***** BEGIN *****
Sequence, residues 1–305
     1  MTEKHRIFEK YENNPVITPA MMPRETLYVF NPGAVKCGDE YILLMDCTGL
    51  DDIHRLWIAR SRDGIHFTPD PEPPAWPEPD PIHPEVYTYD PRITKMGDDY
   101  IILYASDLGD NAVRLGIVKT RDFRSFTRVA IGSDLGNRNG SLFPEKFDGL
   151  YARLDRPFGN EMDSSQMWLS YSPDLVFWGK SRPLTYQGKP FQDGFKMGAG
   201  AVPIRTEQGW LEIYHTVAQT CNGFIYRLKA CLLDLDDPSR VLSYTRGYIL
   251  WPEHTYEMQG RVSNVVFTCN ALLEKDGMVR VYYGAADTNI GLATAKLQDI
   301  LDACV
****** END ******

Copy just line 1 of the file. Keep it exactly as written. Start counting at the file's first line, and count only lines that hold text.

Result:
Sequence, residues 1–305